Understanding the full list and lineage of components that make up modern software has become close to impossible. This topic came up again and again in our conversations with CISOs, either as part of Team8’s CISO Village or in the meetings we have with our portfolio companies. The tangled web of dependencies and open-source components can take weeks to decipher, even for sophisticated IT teams, and is dynamic and constantly changing.

The rise of software supply chain attacks led to an executive order requiring vendors to provide a software bill of materials (SBOM) – a list of used pieces of software, which may assist security teams understand if their product may include a newly disclosed vulnerability. However, SBOM, as a static list of software components, is not sufficient to ensure the security and integrity of software supply chains.

OX Delivers a Fresh Approach That is Highly Needed

Existing attempts at automation are partial and clunky. Mitigating software supply chain threats requires businesses to build yet another supply chain of security tooling – separate systems to scan source code, manage container security, review open-source components, monitor authentication, and more. Maintaining siloed systems is costly; furthermore, it’s prone to human error and can leave many blind spots for hackers to exploit.

CISOs and businesses are looking for a holistic approach that can tackle the full complexity of securing highly-distributed software supply chains. We are convinced that OX security has built that solution.

OX’s technology is groundbreaking in its ability to scan and secure all builds from the earliest planning stages until deployment to production. OX monitors and records every action affecting software throughout the entire development lifecycle, to verify code integrity – ensuring that every line of code that gets to production legitimately belongs there. It gives security and DevOps teams complete visibility and control over the attack surface, including source code, pipeline, artifacts, container images, runtime assets, and applications. No other solution in the market today can offer this level of coverage for the entire software supply chain attack surface. Dev teams can keep releasing software at breakneck speed, without compromising security.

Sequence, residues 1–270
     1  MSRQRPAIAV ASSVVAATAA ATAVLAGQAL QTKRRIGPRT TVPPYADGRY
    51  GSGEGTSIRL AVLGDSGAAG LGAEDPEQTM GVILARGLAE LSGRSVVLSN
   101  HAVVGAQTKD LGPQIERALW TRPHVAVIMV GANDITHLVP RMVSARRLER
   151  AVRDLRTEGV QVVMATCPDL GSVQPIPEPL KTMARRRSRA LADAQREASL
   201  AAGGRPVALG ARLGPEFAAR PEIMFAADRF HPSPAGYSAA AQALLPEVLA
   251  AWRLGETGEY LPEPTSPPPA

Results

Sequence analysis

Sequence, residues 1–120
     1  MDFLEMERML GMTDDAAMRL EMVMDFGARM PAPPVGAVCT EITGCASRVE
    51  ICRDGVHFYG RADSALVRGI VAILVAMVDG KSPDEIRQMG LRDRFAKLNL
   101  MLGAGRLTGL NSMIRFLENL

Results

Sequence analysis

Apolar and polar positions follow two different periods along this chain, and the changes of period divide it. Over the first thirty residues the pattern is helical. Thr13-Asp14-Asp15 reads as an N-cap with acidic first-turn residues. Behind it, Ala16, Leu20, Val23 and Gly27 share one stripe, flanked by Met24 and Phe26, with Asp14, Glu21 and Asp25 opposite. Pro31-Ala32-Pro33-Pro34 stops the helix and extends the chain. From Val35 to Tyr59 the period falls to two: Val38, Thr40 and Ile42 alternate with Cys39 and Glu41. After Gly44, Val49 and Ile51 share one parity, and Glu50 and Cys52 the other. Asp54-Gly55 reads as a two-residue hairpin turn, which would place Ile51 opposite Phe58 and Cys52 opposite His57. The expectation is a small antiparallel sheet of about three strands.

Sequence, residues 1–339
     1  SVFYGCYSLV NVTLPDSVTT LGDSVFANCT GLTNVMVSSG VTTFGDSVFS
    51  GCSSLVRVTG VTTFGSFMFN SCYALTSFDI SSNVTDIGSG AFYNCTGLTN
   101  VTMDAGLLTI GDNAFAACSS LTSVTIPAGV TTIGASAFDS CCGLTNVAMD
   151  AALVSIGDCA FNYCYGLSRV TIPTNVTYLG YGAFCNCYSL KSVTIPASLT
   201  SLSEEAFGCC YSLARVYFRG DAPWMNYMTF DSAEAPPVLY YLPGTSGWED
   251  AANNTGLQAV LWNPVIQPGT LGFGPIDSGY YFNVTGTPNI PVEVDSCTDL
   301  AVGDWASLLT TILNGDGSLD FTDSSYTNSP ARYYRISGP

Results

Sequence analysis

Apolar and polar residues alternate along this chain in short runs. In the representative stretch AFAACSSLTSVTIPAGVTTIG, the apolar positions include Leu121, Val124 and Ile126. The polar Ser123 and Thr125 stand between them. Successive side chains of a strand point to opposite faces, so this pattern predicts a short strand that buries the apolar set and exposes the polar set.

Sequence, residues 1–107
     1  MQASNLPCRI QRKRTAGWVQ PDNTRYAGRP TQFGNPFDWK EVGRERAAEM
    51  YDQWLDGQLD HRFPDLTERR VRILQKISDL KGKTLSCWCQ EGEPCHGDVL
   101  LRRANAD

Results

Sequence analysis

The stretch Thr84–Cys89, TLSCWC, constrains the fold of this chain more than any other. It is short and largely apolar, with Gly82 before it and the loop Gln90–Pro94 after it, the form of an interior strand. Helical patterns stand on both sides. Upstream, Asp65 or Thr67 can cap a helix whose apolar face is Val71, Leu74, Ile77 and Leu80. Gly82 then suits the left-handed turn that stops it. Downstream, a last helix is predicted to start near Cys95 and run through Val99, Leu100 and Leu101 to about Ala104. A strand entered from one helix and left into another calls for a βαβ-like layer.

A Proven Track Record of Execution at Scale

Securing the software supply chain, especially for large enterprises, is a complex and multi-faceted problem that very few startups could confidently tackle.

OX is helmed by highly-skilled founders that have impressed us from day one: CEO Neatsun Ziv and CPO Lior Arzi are former executives at Check Point Software, where they managed a business unit which includes many hundreds of developers & sales teams and led several of the most known products. With a background that combines leadership positions in both cybersecurity and software development, they have a deep understanding of the problem as well as the solution space. What’s more, they have the experience to build a company that can scale and deliver on a very ambitious promise.

The fact that OX has managed to go to market quickly, with paying customers and
30 active deployments (including at Kaltura, Bloomreach and others), is testament both to the strength of its technology and the ability of this team to execute.

We are excited to continue partnering with OX in their journey to make modern software development more secure, and look forward to seeing what they can deliver next. Keep up with the latest news on their website.